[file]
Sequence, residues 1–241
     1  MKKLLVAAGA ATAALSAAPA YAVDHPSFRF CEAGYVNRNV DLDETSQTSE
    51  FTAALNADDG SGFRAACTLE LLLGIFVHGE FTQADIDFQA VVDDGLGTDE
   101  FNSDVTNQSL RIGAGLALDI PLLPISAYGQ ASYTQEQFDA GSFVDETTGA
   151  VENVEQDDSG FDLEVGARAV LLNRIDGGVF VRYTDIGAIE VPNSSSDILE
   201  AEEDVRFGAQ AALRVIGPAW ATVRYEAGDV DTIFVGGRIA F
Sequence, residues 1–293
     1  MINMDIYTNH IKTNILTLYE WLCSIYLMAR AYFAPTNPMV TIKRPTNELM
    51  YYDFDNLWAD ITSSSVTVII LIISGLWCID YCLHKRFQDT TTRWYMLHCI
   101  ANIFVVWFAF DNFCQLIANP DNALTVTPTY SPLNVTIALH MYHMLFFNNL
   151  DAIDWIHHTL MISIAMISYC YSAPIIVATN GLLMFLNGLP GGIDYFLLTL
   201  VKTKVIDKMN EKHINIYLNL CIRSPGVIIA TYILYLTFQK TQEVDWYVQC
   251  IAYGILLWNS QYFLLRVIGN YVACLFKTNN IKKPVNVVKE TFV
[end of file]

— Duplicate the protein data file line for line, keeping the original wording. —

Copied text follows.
Sequence, residues 1–241
     1  MKKLLVAAGA ATAALSAAPA YAVDHPSFRF CEAGYVNRNV DLDETSQTSE
    51  FTAALNADDG SGFRAACTLE LLLGIFVHGE FTQADIDFQA VVDDGLGTDE
   101  FNSDVTNQSL RIGAGLALDI PLLPISAYGQ ASYTQEQFDA GSFVDETTGA
   151  VENVEQDDSG FDLEVGARAV LLNRIDGGVF VRYTDIGAIE VPNSSSDILE
   201  AEEDVRFGAQ AALRVIGPAW ATVRYEAGDV DTIFVGGRIA F
Sequence, residues 1–293
     1  MINMDIYTNH IKTNILTLYE WLCSIYLMAR AYFAPTNPMV TIKRPTNELM
    51  YYDFDNLWAD ITSSSVTVII LIISGLWCID YCLHKRFQDT TTRWYMLHCI
   101  ANIFVVWFAF DNFCQLIANP DNALTVTPTY SPLNVTIALH MYHMLFFNNL
   151  DAIDWIHHTL MISIAMISYC YSAPIIVATN GLLMFLNGLP GGIDYFLLTL
   201  VKTKVIDKMN EKHINIYLNL CIRSPGVIIA TYILYLTFQK TQEVDWYVQC
   251  IAYGILLWNS QYFLLRVIGN YVACLFKTNN IKKPVNVVKE TFV